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In this short essay, critic Walter Engel attempts to demonstrate that, due to the maturity, breadth, and social content of its painting, Latin America will become a new center for art on a par with Paris. Engel—an Austrian critic who lived in Colombia—begins by asserting that Latin American art is not limited to production from Mexico. Along those lines, he mentions specifically the work of Colombian artists Pedro Nel Gómez, Luis Alberto Acuña, Carlos Correa, and Ignacio Gómez Jaramillo; Ecuadorian artists Eduardo Kingman and Diógenes Paredes; and Venezuelan artist Héctor Poleo. He bemoans the lack of monographs and books on the work of Nel Gómez, whose murals, Engel asserts, express a “social sentiment […] more genuine, fundamental, and current than many Mexican frescoes.” In defending the thesis that gives rise to the essay’s title—Modern painting will have two centers in the post-World War II period—Engel asserts that Latin American painting is mature and aware of its own value. It will not fall into “submissive serfdom” before European art. Instead, Engel argues, a mutually beneficial exchange between the two continents will ensue. Engels believes as well that Latin America will show Europe that Modern painting can engage social, popular, religious, and mythical content without compromising artistic value. In closing, he explains that the cultural exchange that he believes will take place between the two continents is due, in large part, to European artists and critics that emigrated during World War II and then returned to their countries of origin with direct knowledge of Latin American art. It can also be attributed to a growing body of literature on Modern art from Mexico. All of this will lead to greater Latin American influence on Europe in the post-World War II era.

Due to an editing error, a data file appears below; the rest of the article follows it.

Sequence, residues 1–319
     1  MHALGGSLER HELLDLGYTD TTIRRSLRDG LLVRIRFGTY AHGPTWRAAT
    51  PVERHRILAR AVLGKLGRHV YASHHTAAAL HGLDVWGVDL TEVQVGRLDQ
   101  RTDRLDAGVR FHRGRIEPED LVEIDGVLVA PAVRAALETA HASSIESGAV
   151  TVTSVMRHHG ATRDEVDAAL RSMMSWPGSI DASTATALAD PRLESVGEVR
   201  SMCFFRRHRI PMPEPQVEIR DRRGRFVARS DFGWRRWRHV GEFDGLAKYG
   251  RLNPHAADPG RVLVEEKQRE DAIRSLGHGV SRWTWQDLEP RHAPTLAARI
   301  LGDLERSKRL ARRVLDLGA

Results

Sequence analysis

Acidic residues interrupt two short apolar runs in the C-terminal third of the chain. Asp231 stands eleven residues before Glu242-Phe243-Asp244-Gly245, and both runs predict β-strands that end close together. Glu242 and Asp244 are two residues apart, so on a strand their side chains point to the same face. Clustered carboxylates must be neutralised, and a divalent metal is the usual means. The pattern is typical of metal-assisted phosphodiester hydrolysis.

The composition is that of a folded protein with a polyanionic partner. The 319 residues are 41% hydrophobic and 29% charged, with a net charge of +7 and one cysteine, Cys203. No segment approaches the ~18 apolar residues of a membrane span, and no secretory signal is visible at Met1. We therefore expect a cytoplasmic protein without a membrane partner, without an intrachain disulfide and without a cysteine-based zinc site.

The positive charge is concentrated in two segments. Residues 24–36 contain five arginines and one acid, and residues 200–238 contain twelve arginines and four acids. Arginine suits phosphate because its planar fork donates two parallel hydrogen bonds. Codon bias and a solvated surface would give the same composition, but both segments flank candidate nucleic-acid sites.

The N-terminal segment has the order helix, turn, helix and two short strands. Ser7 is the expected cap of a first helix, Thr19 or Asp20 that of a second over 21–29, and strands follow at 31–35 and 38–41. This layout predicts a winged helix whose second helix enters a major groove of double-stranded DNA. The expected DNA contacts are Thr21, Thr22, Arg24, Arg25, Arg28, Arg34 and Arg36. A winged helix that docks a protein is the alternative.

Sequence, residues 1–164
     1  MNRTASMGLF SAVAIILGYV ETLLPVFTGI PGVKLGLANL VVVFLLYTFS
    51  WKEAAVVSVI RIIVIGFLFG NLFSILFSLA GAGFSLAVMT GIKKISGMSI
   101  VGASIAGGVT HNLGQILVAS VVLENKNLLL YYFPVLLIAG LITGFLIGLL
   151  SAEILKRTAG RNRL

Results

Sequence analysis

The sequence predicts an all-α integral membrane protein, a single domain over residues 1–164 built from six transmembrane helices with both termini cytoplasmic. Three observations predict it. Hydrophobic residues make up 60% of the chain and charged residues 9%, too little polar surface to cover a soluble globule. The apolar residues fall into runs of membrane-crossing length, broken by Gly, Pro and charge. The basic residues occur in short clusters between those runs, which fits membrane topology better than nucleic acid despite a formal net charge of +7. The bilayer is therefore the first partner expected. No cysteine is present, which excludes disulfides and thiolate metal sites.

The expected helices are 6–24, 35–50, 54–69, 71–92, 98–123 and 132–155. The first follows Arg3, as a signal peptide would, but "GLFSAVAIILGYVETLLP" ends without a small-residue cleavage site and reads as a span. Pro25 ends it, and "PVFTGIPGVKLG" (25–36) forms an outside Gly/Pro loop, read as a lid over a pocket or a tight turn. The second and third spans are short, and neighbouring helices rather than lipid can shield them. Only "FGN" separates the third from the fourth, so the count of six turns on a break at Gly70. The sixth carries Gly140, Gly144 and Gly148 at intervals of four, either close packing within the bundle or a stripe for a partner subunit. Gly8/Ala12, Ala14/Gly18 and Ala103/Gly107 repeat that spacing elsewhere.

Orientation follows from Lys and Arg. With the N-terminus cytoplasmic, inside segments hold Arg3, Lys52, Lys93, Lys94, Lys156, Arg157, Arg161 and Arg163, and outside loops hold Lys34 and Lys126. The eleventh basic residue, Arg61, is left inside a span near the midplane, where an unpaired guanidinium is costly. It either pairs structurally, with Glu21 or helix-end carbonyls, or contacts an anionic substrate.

In this essay, Walter Engel (1908–2005) voices for the first time his thesis that Latin America will become a new center of artistic creation in the post-World War II era. Indeed, this argument will form the basis for his interest in and defense of, first, Colombian art from 1945 to 1965 and, later, of indigenous art from Canada. Engel would further develop the idea that Latin America will make contributions to European avant-gardes in a chapter of his book Problemas sociales en las artes plásticas (see doc. no. 1094220) published two years after this essay.
The optimistic tone of this article—written a few months before the end of World War II—is related to the consequences of the war in Colombia and the rest of the world. As Colombian historian Javier Ocampo López has pointed out, the atmosphere in Latin America during those years was jubilant; the region was characterized by “peace, disarmament, national sovereignty, a welfare system, and the right to self-determination, coupled with commitment to strengthening nationalism.” In the Colombian case, that nationalism was bound to economic prosperity during the “bonanza cafeteria,” a period when the price of coffee was rising on the world market.
Insofar as he mentions only those Colombian artists influenced by Mexican painting, Engel disregards artists working in the academic tradition who were still enjoying a favorable position in Colombian art circles. Nonetheless, Engel, who was known for his conciliatory temperament and willingness to accept a wide range of artistic proposals, supported the allocation of first prize at the fifth edition of the Salón Nacional de Artistas, held the year this article was published, to Estudio en gris [Study in Gray]. That painting, a nude by Miguel Díaz Vargas (1886-1956), was clearly academic in nature. Engels stated that Díaz Vargas’s success was due to “the realist, intelligible, and pleasant nature of paintings accessible to one and all.”